It’s Beginning to Look a Lot Like an Atheist Christmas

They celebrate the holidays, too, you know. Just in a different way.
Photo provided by Maureen Cotton Photography

Photo provided by Maureen Cotton Photography

There won’t be a nativity scene on hand, a Menorah likely won’t be lit up each night, and Bible scriptures about Jesus’ resurrection won’t be read aloud. But that doesn’t mean the “nonbelievers” that congregate at the Humanist Hub in Cambridge won’t be ringing in the holidays with secular caroling, discussions about the history of religious celebrations, and what it means to be a decent human being when surrounding oneself with family and friends at Christmas time.

“We are going to be having both a lot of meaningful celebrations, but also sort of supporting one another in the fact that the holiday season isn’t always what it’s cracked up to be,” said Greg Epstein, the Humanist Chaplain at Harvard University, and one of four specialists featured on the reality show “Married At First Site,” which is gearing up for a second season. “I think [the holiday season], it’s about trying to bring out the best in people this time of year—and that means having a critical eye and understanding that not every holiday tradition is warm and fuzzy.”

The Humanist Hub, with its bright-blue lights that beckon anyone with an interest in open forums welcoming visitors to its headquarters on JFK Street in Harvard Square, caters to humanists, atheists, agnostics, the nonreligious, and allies. Because, as Epstein puts it, “people define themselves in many ways, and because plenty of people who happen to be religious also visit and enjoy our programs.”

Epstein said no matter what someone’s religious affiliation is—or if they don’t have one at all—the celebrations at the Humanist Hub this year will offer visitors a chance to sing, talk, listen to music, and spread joy.

“The events coming up are to remind us that joy and hope really comes from people reaching out to one another,” he said. “That’s what the real magic of this time of year is. People really want to celebrate; they just want to do it in a way that feels meaningful and thoughtful for them. I think with the increasing number of people in the non-religious population, most of us do still feel like celebrating at this time of year. We just don’t want to feel like we do it blindly, or have to accept ideas that make us uncomfortable in order to celebrate.”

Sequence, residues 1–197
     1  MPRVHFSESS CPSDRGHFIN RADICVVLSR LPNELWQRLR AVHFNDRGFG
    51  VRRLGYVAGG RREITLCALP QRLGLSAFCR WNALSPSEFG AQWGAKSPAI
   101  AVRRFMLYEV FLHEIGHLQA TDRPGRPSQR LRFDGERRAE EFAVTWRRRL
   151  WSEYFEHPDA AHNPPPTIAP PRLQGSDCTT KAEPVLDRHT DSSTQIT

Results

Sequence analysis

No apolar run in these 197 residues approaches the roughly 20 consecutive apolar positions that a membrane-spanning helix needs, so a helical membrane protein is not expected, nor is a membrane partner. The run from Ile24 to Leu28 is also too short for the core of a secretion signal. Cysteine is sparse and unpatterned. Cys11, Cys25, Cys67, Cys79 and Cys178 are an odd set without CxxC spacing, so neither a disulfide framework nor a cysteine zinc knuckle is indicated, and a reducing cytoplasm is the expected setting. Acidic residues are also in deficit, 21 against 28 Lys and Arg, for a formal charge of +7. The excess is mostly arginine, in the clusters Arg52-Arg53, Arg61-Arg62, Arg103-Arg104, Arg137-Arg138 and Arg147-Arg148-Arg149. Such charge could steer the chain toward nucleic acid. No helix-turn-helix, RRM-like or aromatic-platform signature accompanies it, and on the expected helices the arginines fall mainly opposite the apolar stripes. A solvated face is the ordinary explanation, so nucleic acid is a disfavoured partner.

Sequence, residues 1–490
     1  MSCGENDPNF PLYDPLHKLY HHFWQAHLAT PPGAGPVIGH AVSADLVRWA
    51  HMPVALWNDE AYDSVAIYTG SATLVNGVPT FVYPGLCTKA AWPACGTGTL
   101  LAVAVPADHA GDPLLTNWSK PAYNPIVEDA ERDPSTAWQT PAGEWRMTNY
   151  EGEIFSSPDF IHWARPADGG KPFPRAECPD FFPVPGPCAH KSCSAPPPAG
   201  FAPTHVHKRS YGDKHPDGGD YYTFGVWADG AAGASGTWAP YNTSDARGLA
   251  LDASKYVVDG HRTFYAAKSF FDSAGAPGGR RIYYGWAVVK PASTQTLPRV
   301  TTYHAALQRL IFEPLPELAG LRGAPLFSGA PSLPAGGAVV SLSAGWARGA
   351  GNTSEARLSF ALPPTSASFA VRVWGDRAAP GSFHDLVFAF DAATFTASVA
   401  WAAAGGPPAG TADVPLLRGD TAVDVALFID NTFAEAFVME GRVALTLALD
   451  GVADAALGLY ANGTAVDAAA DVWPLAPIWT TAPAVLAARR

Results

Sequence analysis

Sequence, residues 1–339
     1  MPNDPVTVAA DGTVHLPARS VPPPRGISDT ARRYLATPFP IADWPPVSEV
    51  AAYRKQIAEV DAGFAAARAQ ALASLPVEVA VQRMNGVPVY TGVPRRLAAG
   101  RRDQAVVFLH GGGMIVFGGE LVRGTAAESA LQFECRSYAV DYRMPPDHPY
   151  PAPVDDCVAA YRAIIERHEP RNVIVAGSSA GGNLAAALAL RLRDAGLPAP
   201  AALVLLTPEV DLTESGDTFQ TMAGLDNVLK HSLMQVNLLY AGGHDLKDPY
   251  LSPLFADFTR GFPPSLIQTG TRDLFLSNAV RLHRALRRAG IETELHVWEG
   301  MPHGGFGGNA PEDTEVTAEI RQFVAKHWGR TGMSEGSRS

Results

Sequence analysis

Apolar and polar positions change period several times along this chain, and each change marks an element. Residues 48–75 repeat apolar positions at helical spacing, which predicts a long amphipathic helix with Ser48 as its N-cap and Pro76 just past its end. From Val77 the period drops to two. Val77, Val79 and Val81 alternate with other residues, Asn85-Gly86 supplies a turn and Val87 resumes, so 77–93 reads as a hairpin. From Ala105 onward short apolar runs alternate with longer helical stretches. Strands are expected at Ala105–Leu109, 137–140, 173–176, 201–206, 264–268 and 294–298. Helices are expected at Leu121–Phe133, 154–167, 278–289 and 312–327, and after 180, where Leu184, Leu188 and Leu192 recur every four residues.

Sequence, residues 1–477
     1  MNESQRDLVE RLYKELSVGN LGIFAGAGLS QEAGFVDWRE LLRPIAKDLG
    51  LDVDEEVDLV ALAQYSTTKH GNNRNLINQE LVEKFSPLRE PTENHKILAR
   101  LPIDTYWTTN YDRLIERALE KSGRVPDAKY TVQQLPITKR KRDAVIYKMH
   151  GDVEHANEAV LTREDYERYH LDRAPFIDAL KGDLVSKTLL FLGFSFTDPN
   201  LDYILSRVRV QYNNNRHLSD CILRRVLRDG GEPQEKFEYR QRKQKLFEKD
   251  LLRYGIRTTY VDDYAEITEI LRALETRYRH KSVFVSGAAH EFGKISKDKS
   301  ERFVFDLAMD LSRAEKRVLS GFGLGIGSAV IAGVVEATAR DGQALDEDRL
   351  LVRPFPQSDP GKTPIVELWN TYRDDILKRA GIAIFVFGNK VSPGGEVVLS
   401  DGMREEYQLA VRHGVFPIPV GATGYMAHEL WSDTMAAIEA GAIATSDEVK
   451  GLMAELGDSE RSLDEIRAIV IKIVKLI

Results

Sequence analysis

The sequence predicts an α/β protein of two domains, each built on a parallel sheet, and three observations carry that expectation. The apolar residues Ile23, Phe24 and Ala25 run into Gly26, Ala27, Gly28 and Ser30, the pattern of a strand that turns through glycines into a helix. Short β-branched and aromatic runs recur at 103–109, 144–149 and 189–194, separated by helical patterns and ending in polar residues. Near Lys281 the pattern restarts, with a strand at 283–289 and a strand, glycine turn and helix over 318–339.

He added that the “beautiful thing” about the story of Christmas, even if you don’t believe in the divinity of God, is one of the most classic stories of how humanity came to be, and they plan on recognizing that.

“It’s this narrative of this baby born at a time of need and hope, and the struggle, and the triumph, and defeat that came from that,” he said. “And that’s the wonderful thing about human culture. It’s a great thing, but you don’t have to believe in a God or Jesus, or in any particular religion to appreciate helping one another and bringing joy at the darkest and loneliest time of the year.”

Besides the holiday season, Epstein said the Humanist Hub has another big reason to celebrate this month: it’s the organization’s one-year anniversary at their new space. In that time, Epstein said their group has made a lot of progress, including receiving recognition from Governor Deval Patrick, when he issued a proclamation declaring Dec. 8, “Humanist Community Day” in the Commonwealth.

“It’s one year since we opened this center, and it’s really been an extraordinary and unexpected landmark for the non-religious community in our area,” said Epstein. “I don’t know if we truly realized how big of a deal it was going to be for us to have our own place to meet.”

To make matters more official for the nonbelievers that take part in what the Humanist Hub has to offer, Epstein said they are planning to roll out an official membership to anyone interested in signing up.

“You can become a member of a synagogue, or mosque, or a temple, but people don’t think of atheists and agnostics as people that have that membership option. But since moving into our new space, and thinking more and more about who we are as a community, like many other communities what makes us special is that the people involved are also very committed to living lives of honesty and integrity,” he said. “The fact that we are celebrating that, for the first-time ever from our center for atheists and agnostics, and asking people to join us as formal members, is quite unusual and exciting.”


Steve Annear Steve Annear, Digital Writer at Boston Magazine sannear@bostonmagazine.com